Blair has played just 37 minutes thus far in the series — primarily finding minutes in Games 2 and 4 — but he’s made that precious playing time count. The Mavs’ numbers are better across the board when Blair takes the floor, and he has a hand in most of it. When he’s on his game, flying around the floor and creating second chances, he’s dominated the series and the Mavericks are reaping the benefits.
|Blair Off||Blair On|
|Mavs points/100 possessions||103.1||124.4*|
|Mavs pts allowed/100 possessions||103.9||99.7|
|Mavs net rating/100 possessions||-.8||24.8*|
|Mavs offensive rebound %||26.4||35.7*|
|* denotes team-high in respective category|
So what must Blair do to find more playing time? The center, though he stands at just 6′ 7″, showed in Game 4 that he has the strength to defend Spurs big men. In fact, Tim Duncan has hit just 40 percent of his shots in the series when Blair has been on the floor versus 57.8 percent when he rests. If Blair can stay active on both ends, he shouldn’t have a problem finding playing time throughout the rest of the series.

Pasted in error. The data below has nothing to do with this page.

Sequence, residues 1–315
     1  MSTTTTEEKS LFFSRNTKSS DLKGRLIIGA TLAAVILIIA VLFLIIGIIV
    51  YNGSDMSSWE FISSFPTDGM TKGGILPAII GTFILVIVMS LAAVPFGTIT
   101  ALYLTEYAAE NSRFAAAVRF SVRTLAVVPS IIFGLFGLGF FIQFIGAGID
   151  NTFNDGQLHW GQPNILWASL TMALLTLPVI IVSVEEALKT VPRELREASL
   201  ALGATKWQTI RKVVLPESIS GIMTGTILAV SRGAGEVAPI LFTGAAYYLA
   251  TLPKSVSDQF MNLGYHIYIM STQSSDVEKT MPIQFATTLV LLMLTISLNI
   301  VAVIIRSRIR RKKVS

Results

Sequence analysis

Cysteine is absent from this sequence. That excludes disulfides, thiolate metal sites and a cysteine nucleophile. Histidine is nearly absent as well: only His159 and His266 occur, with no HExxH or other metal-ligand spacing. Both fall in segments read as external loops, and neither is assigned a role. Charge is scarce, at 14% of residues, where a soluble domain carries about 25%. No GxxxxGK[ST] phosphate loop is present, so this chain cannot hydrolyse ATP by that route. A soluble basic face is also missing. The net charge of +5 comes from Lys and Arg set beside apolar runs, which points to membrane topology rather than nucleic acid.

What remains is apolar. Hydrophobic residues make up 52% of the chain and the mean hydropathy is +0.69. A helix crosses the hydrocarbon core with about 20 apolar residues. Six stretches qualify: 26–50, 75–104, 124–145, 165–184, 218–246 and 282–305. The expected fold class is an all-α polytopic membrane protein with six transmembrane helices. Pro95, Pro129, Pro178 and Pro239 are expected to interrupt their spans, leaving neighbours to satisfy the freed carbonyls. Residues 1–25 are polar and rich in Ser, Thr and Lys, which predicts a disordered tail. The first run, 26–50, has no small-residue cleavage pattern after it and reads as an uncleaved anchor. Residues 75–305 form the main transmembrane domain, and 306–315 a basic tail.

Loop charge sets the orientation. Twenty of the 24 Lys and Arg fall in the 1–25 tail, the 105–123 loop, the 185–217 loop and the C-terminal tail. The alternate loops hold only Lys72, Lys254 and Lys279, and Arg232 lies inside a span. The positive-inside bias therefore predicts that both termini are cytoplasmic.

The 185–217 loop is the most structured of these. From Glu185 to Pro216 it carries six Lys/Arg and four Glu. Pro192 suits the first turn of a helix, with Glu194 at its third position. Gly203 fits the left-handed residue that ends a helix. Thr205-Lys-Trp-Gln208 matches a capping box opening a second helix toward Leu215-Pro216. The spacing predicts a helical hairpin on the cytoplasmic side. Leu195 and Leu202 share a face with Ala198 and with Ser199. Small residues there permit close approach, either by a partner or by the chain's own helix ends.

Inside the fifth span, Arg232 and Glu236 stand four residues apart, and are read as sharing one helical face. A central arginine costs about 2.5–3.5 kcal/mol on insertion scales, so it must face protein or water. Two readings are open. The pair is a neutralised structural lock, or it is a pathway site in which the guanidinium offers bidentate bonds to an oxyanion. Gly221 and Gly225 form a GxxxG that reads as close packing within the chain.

There was plenty else to watch in Game 4, of course. Here’s a brief rundown of the Mavs’ offensive and defensive performance in yet another close contest.
The Mavericks have done well to limit Tony Parker and Tim Duncan throughout the series, especially in Games 2-4. It’s the third member of the Spurs’ longtime “big 3,” Manu Ginobili, who’s had the biggest impact in this series. The Mavs have had difficulty guarding him in the pick-and-roll — that is, until the second half of Game 4. A pretty simple adjustment made it all possible.